CLEVELAND (August 21, 2019) – As Northeast Ohio grows its national role in emerging technologies such as blockchain, Industrial Internet of Things and cybersecurity, Great Lakes Science Center has stepped forward as a catalytic education leader to ensure Cleveland youth are empowered to work in and create the jobs of the region’s future.
Creating Connections: Securing Cleveland’s Digital Future is a multi-year initiative that innovates programs and exhibits to integrate design, coding, Industrial Internet of Things, and innovations through blockchain-based technologies. The Science Center was awarded a generous $190,673 grant from the Cleveland Foundation to help bring this cutting edge science, technology, engineering, and math (STEM) education program to life.
“The Science Center is a STEM education leader whose programs bridge the gap between workforce leaders, public interest and the needs of our local school districts,” said Kirsten Ellenbogen, President & CEO. “Creating Connections leverages the Science Center’s unique position in the community to bring together Cleveland’s youth and emerging technologies that will play a critical role in the future of Northeast Ohio.”
The core of Creating Connections is a 10-hour program that introduces eighth grade Cleveland Metropolitan School District (CMSD) students to the worlds of blockchain-based technology, Industrial Internet of Things and cybersecurity. The program’s pilot run will launch in 35 CMSD schools this fall, serving as many as 60 eighth graders per school. After the pilot, the plan is to expand to reach all eighth graders in the district, with additional after-school programming that will build upon the Science Center’s existing programs in neighborhood recreation centers and regional libraries.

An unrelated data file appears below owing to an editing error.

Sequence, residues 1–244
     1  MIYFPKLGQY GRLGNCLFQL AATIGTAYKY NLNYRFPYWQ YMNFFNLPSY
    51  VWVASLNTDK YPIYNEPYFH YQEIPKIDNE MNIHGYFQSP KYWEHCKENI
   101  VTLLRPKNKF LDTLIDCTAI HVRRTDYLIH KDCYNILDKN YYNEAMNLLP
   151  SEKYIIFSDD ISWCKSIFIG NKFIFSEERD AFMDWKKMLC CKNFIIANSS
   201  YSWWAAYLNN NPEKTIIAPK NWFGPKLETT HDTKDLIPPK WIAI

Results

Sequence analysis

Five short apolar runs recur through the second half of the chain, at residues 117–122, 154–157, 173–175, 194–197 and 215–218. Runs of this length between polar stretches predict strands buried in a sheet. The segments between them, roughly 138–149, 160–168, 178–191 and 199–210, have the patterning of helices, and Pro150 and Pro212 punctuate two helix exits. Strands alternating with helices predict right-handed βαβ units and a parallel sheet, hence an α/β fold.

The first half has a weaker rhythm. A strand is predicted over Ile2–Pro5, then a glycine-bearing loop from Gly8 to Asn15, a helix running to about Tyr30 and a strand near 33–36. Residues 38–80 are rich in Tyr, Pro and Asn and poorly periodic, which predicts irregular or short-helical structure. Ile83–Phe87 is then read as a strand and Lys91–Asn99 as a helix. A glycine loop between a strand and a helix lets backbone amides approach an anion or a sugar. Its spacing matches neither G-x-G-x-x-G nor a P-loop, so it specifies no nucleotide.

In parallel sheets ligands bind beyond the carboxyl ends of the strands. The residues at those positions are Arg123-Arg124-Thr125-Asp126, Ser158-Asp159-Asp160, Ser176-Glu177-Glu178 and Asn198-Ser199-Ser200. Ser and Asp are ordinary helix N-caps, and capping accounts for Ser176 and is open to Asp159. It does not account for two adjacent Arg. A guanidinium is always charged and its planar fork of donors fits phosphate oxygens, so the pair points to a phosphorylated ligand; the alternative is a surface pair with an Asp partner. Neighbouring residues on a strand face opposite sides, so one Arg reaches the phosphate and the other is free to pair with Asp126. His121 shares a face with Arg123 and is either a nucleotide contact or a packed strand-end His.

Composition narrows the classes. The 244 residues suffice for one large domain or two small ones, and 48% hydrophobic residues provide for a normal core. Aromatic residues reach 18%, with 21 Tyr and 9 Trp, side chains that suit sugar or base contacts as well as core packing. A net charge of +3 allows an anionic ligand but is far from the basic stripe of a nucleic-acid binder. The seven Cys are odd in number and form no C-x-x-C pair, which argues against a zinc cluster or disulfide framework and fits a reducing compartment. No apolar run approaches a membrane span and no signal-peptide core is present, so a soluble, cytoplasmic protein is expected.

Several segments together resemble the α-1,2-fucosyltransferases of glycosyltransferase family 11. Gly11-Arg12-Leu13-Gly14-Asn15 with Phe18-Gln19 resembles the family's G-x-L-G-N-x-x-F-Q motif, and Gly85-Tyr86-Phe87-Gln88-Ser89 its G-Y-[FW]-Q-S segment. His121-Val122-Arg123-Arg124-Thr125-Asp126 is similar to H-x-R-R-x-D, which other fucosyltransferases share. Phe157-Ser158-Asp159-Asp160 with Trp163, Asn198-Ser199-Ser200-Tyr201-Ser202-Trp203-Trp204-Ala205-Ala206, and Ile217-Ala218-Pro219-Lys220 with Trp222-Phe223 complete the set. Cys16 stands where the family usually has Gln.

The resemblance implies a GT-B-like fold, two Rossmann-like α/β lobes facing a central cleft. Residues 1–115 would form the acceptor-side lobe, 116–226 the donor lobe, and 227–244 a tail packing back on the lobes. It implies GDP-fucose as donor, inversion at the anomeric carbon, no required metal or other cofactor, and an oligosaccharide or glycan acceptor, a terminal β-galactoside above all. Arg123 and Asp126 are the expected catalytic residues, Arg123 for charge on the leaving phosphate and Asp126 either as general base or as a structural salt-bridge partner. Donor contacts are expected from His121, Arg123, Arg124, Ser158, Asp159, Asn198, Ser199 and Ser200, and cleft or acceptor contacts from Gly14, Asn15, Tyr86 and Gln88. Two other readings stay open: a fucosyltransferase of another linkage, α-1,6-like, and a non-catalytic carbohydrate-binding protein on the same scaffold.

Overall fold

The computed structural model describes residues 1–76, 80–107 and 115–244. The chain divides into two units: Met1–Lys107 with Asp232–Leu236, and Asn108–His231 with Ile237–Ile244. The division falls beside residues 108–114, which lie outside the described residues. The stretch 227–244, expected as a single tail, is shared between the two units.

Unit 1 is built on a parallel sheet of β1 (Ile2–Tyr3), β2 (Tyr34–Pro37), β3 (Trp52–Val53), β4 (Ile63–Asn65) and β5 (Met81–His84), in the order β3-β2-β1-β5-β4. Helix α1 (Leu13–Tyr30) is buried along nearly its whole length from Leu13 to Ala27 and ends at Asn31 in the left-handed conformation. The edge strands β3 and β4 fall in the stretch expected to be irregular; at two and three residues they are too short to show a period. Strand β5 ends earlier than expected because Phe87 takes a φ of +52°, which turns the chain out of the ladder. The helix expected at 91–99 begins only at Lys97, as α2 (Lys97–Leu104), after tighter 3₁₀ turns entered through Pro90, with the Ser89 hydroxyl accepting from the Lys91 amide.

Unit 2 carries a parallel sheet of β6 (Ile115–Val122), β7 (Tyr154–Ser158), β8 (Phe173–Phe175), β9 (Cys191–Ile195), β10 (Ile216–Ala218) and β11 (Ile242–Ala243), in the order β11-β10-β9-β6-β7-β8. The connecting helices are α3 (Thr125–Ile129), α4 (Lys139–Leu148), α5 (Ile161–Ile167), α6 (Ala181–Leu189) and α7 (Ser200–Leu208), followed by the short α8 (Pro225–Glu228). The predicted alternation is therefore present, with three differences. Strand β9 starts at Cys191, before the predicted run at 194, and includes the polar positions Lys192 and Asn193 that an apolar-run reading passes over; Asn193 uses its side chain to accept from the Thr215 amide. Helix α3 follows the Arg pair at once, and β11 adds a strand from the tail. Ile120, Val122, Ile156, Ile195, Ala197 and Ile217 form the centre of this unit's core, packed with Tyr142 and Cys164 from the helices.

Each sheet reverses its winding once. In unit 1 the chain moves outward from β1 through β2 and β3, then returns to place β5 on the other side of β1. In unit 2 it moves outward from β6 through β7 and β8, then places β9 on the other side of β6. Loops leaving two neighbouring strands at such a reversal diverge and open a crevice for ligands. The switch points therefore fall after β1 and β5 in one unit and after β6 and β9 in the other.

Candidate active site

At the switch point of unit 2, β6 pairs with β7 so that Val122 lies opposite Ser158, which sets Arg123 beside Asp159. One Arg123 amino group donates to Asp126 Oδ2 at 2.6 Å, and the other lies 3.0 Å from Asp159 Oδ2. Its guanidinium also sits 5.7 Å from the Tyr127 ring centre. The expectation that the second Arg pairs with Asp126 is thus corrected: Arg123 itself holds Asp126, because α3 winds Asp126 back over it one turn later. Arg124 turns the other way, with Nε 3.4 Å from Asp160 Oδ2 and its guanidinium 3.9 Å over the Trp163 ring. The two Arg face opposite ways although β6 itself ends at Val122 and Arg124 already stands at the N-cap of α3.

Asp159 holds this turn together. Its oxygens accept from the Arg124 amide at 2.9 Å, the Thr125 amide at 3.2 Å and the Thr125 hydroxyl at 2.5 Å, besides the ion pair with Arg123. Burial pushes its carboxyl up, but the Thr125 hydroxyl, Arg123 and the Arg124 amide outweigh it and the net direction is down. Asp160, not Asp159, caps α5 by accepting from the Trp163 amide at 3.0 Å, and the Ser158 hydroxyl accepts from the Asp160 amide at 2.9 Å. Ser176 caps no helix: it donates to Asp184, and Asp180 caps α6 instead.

Creating Connections brings together Cleveland’s IoT Collaborative, Team NEO, members of BlockLand, and CMSD’s science education team, with additional support from other emerging technology partners. This work follows the success of the Science Center’s Cleveland Creates program for sixth and seventh grade students in CMSD. “We have a successful history of programming that teaches and empowers Cleveland youth to engineer and iterate their own designs with difficult STEM concepts,” explained Vice President of STEM Learning Scott Vollmer, “So we are excited to tackle this new challenge with our partners in the community.”
The Science Center’s partnership with CMSD has deepened over the last five years, growing to include additional programming for the families of students and teachers, and hitting a milestone of 100% participation from all CMSD 7th grade classrooms for the past three years.
Great Lakes Science Center has a history of education leadership in emerging technologies. Ten years ago, the Science Center became the first museum in the nation to have a digital fabrication lab, which includes easy-to-use design and production tools like laser-powered cutting machines and three-dimensional printers. In 2017, the Science Center launched a mobile app that that uses augmented and virtual reality to allow guests to interact with the otherwise inaccessible historic artifacts in their NASA Glenn Visitor Center, including experimenting with flames in space and testing spacecraft designs re-entering Earth's atmosphere. Last year, when the organization began accepting bitcoin for admission payment, it was hailed internationally as the first major museum in the U.S. to embrace cryptocurrency.
(Editor’s note: The Science Center has returned to its seven-day-a-week summer operating hours. The museum is open from 10 a.m. to 5 p.m. Monday through Saturday and from noon to 5 p.m. on Sundays.)
About Great Lakes Science Center
Great Lakes Science Center, home of the NASA Glenn Visitor Center, makes science, technology, engineering and math (STEM) come alive for more than 300,000 visitors a year through hundreds of hands-on exhibits, temporary exhibitions, the Cleveland Clinic DOME Theater, Steamship William G. Mather, daily science demonstrations, seasonal camps, and more. The Science Center is funded in part by the citizens of Cuyahoga County through Cuyahoga Arts and Culture. Visit GreatScience.com for more information.